Biodiesel and ethanol are both biofuels: fuels produced from organic matter. As global warming worsens and our oil supply dwindles, biodiesel and ethanol have both been touted as the fuels of the future. They are purported to be renewable, and clean.
Because these similarities, people frequently confuse ethanol with biodiesel, and vice versa. Ethanol and biodiesel are completely different substances, with completely different properties. For one, ethanol is an alcohol. It is the alcohol found in beer, wine, vodka, etc.
As you’re biting into that nice, juicy king-size burger, have you ever thought how much you’re contributing to global warming?
I hadn’t. Cattle, though, are a major problem for the environment. As cows are busy munching away in their pastures, their multiple stomachs are producing methane.
Methane is a particularly potent greenhouse gas, 25 times more powerful than carbon dioxide for global warming. According to The Journal of Animal Science, livestock produce between 250 and 500 litres of methane every single day! At the top end of the estimate, that enough to fill 250 large bottles of Coke.
My ‘Top Gear’ magazine dropped through the mailbox yesterday. Trouble is, I’ve realized that I’m not interested in the feature article on the cover. It’s about a test of supercars, including the Bugatti Veyron, in one of the Gulf states.
And why am I not interested? Because I’ve just been watching the eco-movie HOME. It’s beautifully filmed in High Definition and it has an important message.
For millions of years, the Earth has been storing up the carbon that threatens the planet’s survival. Over the last fifty years in particular, human beings have been extremely efficient at releasing it to power their lifestyles. And now the planet can’t cope any more.
The polar opposite to NASCAR and Formula 1 is hypermiling. The term was coined by Wayne Gerdes in 2004. It is used to describe to maximizing gas mileage by making fuel-conserving adjustments to one’s car and driving techniques. Hypermilers aim to exceed the manufacturers’ stated economy figures.
Whilst most hypermiling is practised during everyday driving, it has now turned into a sport. World records were set for economy at the 2008 Maximum Fuel Economy contest held in Elkhart, Indiana. A Honda Insight, Toyota Prius and Ford escape Hybrid achieved record round trip fuel consumptions of 213 mpg, 136 mpg and 76 mpg respectively.
Composting is a cheap, natural process that transforms your kitchen and garden waste into a valuable nutrient for your garden. It’s easy to make and use.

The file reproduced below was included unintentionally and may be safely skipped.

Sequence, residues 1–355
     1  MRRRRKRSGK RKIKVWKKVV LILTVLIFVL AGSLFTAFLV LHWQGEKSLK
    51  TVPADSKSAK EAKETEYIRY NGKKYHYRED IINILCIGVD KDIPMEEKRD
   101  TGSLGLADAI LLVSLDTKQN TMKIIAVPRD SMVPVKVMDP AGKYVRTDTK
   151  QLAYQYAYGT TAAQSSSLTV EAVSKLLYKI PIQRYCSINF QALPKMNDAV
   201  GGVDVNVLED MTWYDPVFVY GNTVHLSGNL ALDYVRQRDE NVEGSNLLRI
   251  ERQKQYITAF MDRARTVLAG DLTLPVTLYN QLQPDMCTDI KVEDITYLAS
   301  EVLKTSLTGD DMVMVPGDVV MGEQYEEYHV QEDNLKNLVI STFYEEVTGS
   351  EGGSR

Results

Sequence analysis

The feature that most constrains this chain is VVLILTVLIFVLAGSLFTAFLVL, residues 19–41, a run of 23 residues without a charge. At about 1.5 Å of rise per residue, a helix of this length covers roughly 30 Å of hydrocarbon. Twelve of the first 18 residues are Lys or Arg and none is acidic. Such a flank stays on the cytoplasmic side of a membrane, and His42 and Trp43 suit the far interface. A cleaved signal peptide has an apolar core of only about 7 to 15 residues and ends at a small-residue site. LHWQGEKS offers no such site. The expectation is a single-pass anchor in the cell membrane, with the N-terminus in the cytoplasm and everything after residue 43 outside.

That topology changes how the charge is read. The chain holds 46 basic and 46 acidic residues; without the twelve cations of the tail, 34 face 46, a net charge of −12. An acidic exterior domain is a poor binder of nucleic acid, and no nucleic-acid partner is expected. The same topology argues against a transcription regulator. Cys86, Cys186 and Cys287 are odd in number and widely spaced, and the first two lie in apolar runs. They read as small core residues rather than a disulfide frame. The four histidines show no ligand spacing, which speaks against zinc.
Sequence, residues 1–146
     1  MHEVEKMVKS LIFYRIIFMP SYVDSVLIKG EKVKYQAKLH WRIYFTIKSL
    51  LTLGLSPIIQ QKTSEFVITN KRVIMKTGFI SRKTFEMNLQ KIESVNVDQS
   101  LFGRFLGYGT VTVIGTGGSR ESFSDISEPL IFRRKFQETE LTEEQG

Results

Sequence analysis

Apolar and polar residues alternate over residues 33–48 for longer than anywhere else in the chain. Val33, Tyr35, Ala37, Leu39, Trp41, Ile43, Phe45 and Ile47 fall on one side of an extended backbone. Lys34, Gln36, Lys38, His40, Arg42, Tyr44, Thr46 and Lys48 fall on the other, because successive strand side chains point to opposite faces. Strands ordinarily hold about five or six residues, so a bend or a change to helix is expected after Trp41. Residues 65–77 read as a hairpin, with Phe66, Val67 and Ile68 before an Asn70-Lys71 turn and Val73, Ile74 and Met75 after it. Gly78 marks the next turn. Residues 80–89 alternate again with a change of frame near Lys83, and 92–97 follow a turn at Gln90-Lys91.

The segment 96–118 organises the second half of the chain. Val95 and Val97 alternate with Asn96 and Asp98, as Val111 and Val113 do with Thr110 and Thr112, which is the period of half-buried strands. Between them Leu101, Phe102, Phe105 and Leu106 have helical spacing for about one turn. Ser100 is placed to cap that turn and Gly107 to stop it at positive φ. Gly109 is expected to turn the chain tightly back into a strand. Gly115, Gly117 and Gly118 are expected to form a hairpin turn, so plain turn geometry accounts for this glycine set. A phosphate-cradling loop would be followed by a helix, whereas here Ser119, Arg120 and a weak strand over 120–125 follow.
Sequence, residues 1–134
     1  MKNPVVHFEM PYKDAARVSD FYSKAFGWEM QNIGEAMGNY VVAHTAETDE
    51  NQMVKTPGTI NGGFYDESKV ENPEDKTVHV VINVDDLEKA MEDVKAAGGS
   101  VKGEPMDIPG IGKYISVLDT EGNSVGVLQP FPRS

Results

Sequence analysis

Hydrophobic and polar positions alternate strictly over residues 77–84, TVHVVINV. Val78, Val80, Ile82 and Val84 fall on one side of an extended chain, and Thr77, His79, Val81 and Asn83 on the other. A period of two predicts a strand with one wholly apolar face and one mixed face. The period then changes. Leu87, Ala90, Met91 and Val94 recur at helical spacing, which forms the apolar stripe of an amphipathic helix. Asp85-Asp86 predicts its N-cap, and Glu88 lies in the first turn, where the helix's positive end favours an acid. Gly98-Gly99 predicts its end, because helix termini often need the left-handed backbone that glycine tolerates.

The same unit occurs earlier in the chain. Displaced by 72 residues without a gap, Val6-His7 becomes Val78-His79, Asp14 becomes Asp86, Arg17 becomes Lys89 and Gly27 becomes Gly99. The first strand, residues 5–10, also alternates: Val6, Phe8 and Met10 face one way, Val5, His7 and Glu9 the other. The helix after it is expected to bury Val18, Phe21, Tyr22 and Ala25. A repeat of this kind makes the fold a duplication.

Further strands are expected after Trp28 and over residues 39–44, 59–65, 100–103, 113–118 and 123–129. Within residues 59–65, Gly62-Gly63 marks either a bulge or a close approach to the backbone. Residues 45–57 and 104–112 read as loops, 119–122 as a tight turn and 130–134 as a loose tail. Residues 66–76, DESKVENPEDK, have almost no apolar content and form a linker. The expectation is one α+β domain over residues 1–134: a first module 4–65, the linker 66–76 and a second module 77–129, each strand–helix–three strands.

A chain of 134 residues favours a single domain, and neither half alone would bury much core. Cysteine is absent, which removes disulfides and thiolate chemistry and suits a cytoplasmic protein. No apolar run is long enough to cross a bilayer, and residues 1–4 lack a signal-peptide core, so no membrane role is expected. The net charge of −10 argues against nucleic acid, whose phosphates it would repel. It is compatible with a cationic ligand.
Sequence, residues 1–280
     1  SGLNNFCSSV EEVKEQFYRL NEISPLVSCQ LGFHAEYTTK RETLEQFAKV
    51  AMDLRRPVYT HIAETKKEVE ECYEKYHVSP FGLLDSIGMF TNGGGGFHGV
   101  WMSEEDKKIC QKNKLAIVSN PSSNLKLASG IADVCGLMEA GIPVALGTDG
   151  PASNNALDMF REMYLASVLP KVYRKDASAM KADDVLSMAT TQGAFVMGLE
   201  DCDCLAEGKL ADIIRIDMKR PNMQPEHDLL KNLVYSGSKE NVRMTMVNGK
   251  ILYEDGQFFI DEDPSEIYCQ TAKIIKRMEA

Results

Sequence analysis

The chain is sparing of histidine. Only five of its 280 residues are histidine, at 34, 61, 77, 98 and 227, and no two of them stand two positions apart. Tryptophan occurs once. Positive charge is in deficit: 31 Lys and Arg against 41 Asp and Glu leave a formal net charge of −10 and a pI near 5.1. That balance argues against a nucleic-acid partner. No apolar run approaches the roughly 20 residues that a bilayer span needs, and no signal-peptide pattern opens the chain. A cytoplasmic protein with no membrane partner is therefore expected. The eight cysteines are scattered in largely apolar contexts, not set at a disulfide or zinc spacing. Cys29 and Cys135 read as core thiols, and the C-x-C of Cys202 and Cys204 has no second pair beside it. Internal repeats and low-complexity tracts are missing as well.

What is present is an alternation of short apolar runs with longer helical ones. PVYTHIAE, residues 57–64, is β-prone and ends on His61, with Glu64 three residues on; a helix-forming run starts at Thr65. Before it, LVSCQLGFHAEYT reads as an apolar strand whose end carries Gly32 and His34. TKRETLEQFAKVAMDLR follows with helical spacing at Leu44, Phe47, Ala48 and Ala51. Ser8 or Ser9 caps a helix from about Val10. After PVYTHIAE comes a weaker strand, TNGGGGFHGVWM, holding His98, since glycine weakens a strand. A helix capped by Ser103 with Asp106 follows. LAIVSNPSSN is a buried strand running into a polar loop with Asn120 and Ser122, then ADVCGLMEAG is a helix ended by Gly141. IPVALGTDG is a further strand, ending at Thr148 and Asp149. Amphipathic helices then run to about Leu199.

Composting reduces the amount of waste sent to landfill. Even for households that are already composting, new research has found that almost half of the food waste in their rubbish bins could have been put in the compost bin.
An interesting fact: composting at home for just one year can save global warming gases equivalent to all the carbon dioxide your kettle produces annually, or your washing machine produces in three months.
Global warming is being caused by an ingredient hidden in many of the products that we buy.
Palm oil is found in products like margarine, cookies, bread and chewing gum. It might even be in some washing powders. It’s difficult to spot on the packaging as it’s usually listed as ‘vegetable oil’.
Demand for palm oil may increase if more vegetable oils are required to make biofuels. Currently, the European Union Biofuels Directive aims to achieve fuels with a 5% biofuel content.
Many environmentalists are concerned about the effect of the Tata Nano on global warming. Finally on sale last week after seven months of delays, the Nano promises to be the world’s cheapest new car.
The Nano is a small, four-seater car made by Tata,the Indian tea to tech conglomerate. As India’s economy has boomed, so has demand for cars from the growing middle class. At present, only one in 8000 people in India own a car compared to 450 cars to 8000 people in developed countries. But India has population of 1 billion and is a country hungry for cars. Nobel Prize winner, R.K. Pachauri, the Chairman of the Intergovernmental Panel on Climate Change (IPCC) said that he was ‘having nightmares’ about the Nano.